Impostors claim to work for “the sheriff’s office” or local health department. They say they need to load “contact tracing software” onto a victim’s computer. 

Do not fall for these scammers. Official contact tracers working on behalf of the WWHD or state Department of Public Health will never ask to enter your home, threaten you with a fine, or ask you for personal financial information. Anyone asking for such information is trying to steal your identity, money or both.

If someone asks to enter your home for “contact tracing,” call the police immediately.  Do not let strangers into your home.

Other things to be alert for if you receive a call:

  • Do not pay a contact tracer. Anyone who says you must pay is a scammer.
  • Do not give out your Social Security number or financial information. There is no reason why a legitimate tracer would need these.
  • Do not share your immigration status. Legitimate contact tracers do not need, and will not ask for, this information.
  • Do not download anything onto your computer. Real contact tracers will not ask you to download any software on your computer.

Contact tracing is an important component of public health, and an essential tool to stop the spread of COVID-19.

Connecticut’s contact tracing initiative is completely voluntary. There is no cost to participate. If you do participate, you may elect to receive daily health assessment reminders via text, email or phone. You will be reminded to do a simple assessment of your symptoms each day.

All information is strictly confidential. Contacts who are identified will not be given information on cases (such as the name of the person who may have exposed them).


The state Department of Transportation is conducting a brief survey about commuting during COVID-19. Answers will help the agency plan funding for future projects.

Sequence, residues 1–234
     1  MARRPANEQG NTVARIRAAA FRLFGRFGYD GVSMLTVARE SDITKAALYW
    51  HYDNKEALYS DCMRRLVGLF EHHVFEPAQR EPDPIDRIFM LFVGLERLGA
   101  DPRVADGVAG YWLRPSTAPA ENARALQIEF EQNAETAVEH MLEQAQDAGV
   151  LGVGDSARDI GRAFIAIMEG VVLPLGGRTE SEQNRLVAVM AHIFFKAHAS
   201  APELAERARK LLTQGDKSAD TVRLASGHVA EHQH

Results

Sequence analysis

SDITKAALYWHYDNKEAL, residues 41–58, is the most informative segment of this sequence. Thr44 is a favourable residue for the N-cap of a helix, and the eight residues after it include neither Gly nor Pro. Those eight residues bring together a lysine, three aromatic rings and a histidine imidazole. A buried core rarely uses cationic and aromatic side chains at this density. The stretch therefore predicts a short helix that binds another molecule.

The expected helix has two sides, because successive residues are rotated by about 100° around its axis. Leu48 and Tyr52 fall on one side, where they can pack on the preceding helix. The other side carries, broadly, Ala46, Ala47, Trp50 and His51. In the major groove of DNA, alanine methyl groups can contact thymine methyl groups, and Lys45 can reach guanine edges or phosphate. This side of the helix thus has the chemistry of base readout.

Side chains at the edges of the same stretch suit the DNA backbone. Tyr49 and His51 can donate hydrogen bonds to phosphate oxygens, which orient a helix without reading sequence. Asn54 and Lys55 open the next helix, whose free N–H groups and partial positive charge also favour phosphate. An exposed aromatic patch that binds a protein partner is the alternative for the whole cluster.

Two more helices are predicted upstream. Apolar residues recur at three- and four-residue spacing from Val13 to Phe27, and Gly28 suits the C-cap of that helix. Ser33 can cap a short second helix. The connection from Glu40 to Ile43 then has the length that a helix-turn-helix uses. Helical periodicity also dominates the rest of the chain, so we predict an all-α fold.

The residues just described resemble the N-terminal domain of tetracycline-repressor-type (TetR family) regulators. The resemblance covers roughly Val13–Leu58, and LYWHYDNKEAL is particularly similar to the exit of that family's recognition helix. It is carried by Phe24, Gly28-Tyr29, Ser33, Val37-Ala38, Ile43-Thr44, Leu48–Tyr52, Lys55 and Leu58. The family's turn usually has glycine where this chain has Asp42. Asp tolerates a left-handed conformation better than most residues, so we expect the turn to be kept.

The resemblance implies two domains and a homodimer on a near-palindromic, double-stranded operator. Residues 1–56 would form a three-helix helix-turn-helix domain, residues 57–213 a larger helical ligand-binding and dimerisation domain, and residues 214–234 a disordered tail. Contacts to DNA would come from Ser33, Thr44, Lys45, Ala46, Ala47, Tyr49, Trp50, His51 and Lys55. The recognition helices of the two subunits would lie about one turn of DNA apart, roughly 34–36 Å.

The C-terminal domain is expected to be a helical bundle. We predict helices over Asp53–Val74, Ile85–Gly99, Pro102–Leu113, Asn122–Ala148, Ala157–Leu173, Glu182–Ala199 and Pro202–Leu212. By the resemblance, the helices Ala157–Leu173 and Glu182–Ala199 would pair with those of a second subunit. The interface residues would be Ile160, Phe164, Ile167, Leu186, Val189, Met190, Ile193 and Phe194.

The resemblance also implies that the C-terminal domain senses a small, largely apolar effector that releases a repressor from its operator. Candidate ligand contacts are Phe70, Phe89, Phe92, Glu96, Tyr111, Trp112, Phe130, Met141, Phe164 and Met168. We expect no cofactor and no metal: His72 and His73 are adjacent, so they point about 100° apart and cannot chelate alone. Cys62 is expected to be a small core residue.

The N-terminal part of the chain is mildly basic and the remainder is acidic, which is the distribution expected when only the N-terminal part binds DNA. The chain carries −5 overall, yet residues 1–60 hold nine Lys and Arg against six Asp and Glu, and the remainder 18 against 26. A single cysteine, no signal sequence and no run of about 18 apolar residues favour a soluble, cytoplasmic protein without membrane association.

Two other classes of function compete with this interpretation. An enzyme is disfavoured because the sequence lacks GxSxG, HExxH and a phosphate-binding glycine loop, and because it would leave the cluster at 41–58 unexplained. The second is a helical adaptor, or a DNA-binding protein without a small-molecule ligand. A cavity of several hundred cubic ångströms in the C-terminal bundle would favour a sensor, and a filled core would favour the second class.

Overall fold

If you were or are a commuter, click here to take the survey.


MoCA Westport invites all Fairfield County teenagers interested in the arts to join its new Teen Council.

The Council will connect the museum with area youth through events, exhibitions, performances and educational programming. Teen Council members will develop strong relationships with prominent artists and community leaders as they explore their personal creativity.

Teen Council members will enjoy behind-the-scenes access to MoCA Westport — and free memberships.

Click here to apply, Questions? Email teencouncil@mocawestport.org or check out Instagram: @mocawestportteens.


And finally … happy 85th birthday, Peter Schickele!

Roundup: Outdoor Dining And Fitness; Downtown Flowers and Barber; More


Last night, the Planning & Zoning Commission took steps to hear 2 COVID-related text amendments. Both respond to the changing business environment in town, and will be voted on July 23.

One amendment would extend temporary outdoor dining permits through the end of March 2021. Commissioners spoke of their desire to support local restaurants during an uncertain time, and reassure owners that investments they make for outdoor dining will be worthwhile beyond summer.

The second proposed text amendment would extend similar restaurant flexibility to fitness studios and gyms hoping to temporarily locate equipment outdoors. This applies to facilities like JoyRide, nearly all of which are locally owned.

Drafts of both text amendments will be posted Monday for review by the public. Comments may be emailed (pandzcomments@westportct.gov). To request a Zoom link to participate with “in-person” testimony at the July 23 meeting, email maryyoung@westportct.gov.